Answers to All of Your Virginia Legal Questions
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I was in an accident and am now being offered money to pay my medical bills, should I take it?
That depends on what you are actually being offered. Will the offer cover all your incurred and projected medical expenses, lost wages, travel expenses? What about your pain and suffering from the accident? Determining what a fair settlement is can be a complex process. Before you accept an offer, you should contact an experienced personal injury attorney who can help you build a strong and persuasive case using their experience to skillfully negotiate with the insurance company to receive the full compensation your case deserves.
The driver that hit me received a DUI, can I sue the bar that he was at prior to driving into me?
Not in Virginia. In order to hold a person or a business who serves alcohol responsible for the actions of an intoxicated person, you would have to be in a State that followed Dram Shop Liability laws. Virginia is one of only a few states that do not follow such laws. (Dram refers to the old term by which alcohol was measured). While states like Virginia feel the individual should be responsible for their own actions, there are many organizations like MADD (Mothers Against Drunk Drivers) that argue these laws reduce alcohol-related crashes and serve a similar purpose of responsibility to the establishment that did not reasonably cut them off when obviously drunk or call them a cab.
Is there a direct relationship between the severity of the car accident and the seriousness of the injury?
No. Minor car accidents often result in little or no injury, while major accidents usually cause major injuries, but the reverse can also be true. There are many stories of people walking away from horrible crashes and conversely of people suffering a lifetime of pain from what looks like a minor accident. You cannot judge someone's injuries by merely looking at the vehicle damage; however, insurance companies will often try to do just that. Professional documentation of your injuries and health status are important when filing an injury claim. It is important that you be seen by a medical professional to determine the degree of injury you may have suffered.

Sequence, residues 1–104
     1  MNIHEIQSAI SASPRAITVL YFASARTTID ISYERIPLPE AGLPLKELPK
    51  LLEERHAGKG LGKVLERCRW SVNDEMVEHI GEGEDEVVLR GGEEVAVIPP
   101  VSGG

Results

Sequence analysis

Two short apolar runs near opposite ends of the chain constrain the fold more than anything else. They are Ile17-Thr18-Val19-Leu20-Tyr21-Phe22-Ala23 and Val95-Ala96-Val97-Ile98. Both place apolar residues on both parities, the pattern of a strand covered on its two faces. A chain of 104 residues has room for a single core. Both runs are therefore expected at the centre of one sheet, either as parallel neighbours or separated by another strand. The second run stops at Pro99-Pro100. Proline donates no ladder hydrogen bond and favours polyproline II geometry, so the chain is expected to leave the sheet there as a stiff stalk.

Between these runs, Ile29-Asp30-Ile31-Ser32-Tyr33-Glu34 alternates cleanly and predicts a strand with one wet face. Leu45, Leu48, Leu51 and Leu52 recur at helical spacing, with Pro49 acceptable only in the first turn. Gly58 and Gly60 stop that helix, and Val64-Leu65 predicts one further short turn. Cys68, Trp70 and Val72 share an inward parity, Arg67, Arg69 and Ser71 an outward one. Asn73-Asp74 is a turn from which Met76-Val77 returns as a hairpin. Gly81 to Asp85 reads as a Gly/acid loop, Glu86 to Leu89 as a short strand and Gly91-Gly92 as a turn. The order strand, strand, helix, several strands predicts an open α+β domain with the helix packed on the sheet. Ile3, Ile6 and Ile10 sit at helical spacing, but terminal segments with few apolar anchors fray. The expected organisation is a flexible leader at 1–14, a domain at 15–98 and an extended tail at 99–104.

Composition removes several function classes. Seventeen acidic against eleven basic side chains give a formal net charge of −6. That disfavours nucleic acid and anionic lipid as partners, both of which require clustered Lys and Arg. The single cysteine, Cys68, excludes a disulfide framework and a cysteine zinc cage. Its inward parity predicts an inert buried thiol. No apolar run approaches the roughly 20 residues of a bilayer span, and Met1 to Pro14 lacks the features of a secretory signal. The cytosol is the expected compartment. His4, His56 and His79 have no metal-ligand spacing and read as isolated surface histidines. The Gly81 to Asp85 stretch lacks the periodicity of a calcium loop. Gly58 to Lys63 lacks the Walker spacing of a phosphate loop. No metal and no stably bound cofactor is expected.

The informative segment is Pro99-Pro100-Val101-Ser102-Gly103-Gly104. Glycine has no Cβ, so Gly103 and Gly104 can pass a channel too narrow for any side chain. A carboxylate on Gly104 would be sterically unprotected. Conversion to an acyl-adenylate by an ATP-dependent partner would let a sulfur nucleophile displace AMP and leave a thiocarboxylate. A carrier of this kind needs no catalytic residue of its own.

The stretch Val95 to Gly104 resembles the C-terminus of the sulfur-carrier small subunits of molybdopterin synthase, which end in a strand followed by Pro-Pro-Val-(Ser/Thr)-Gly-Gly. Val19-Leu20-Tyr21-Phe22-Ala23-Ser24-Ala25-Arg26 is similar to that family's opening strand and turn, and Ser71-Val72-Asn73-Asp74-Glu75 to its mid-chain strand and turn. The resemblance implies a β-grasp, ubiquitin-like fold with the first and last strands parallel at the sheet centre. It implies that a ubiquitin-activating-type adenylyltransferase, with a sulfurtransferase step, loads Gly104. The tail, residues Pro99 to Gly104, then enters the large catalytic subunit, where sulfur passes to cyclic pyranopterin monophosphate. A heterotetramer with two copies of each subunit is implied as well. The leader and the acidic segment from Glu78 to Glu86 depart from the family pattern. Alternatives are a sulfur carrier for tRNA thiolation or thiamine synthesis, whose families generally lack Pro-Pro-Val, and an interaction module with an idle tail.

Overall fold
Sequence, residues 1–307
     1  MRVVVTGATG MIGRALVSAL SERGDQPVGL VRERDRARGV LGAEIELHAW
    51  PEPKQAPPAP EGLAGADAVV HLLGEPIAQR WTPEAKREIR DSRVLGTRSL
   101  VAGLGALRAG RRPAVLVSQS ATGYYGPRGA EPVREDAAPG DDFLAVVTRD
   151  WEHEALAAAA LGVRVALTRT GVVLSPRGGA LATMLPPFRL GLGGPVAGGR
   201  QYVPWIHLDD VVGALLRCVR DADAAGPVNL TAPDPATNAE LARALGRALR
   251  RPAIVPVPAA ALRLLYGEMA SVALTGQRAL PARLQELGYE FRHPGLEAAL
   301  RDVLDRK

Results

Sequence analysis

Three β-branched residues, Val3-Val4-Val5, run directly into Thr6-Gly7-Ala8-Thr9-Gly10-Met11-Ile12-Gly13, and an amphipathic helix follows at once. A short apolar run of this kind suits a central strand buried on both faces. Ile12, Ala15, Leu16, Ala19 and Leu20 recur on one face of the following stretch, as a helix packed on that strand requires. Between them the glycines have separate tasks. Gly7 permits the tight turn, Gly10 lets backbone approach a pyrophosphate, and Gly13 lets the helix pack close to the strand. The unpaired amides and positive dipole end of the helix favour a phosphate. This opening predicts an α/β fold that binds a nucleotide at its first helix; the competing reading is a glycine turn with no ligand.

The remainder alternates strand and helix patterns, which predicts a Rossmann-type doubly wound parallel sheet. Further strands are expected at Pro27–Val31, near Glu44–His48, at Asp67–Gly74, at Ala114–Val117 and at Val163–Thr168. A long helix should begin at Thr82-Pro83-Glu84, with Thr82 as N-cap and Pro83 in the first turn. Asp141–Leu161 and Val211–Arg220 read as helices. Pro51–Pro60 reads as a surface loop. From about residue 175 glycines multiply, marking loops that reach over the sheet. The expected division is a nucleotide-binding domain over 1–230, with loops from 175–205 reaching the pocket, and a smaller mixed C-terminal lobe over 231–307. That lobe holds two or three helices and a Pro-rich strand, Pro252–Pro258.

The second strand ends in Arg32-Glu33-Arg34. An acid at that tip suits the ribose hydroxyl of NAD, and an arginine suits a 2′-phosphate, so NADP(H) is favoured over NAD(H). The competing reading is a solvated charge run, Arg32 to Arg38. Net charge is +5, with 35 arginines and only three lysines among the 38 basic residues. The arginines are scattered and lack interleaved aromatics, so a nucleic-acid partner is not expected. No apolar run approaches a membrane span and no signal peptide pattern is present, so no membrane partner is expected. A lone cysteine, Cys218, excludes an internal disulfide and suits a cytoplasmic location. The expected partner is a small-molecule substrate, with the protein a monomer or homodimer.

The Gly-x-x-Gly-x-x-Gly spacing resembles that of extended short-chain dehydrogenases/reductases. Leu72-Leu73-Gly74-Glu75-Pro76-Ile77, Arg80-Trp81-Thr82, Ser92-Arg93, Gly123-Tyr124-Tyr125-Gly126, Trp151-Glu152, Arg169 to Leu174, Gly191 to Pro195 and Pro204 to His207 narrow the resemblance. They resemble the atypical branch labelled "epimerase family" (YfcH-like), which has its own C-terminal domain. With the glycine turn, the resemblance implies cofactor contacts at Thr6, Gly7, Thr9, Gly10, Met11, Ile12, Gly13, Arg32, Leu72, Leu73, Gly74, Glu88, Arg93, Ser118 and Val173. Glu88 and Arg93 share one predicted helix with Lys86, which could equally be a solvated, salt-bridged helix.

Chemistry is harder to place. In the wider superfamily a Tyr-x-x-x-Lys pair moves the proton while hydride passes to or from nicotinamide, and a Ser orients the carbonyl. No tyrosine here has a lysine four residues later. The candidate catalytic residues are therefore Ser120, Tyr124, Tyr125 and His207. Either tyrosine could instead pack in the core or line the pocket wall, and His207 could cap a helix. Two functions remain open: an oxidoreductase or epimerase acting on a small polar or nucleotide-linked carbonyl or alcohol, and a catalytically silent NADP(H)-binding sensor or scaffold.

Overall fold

I’ve been in a car accident, what do I do?
The first thing you should do when in an accident is to make sure you are physically O.K. The best rule of thumb is “better safe than sorry.” If you are in pain, address it immediately. Unfortunately, because legal action is often necessary to address the damage caused by an auto accident, everything you do or say after an accident may be relevant to your case. So, there are a few tips to remember beyond getting the medical attention you need at the scene should it be necessary:
- Do not discuss the accident with anyone at the scene other than a police officer. This is important because sometimes you might believe you were at fault (or partially at fault) and you may not be. If you say something at the time that indicates that you were at fault, this may be held against you later (and, again, the accident might not have been your fault at all).
- Take pictures of the cars and the scene. Most people have cameras on the phones and the best evidence of the condition of the cars or the scene of the accident is at the time of the accident.
- Do not talk to the other driver’s insurance company. They will most likely contact you and ask for you to give them a statement, you do not have to do so. Politely decline. The other driver’s insurance company will be seeking any information it can to minimize the payout and you might say something that hurts your case without realizing it. The best course of action is to decline and indicate that you plan on hiring an attorney. Once you hire counsel, the insurance company will deal with us, not you.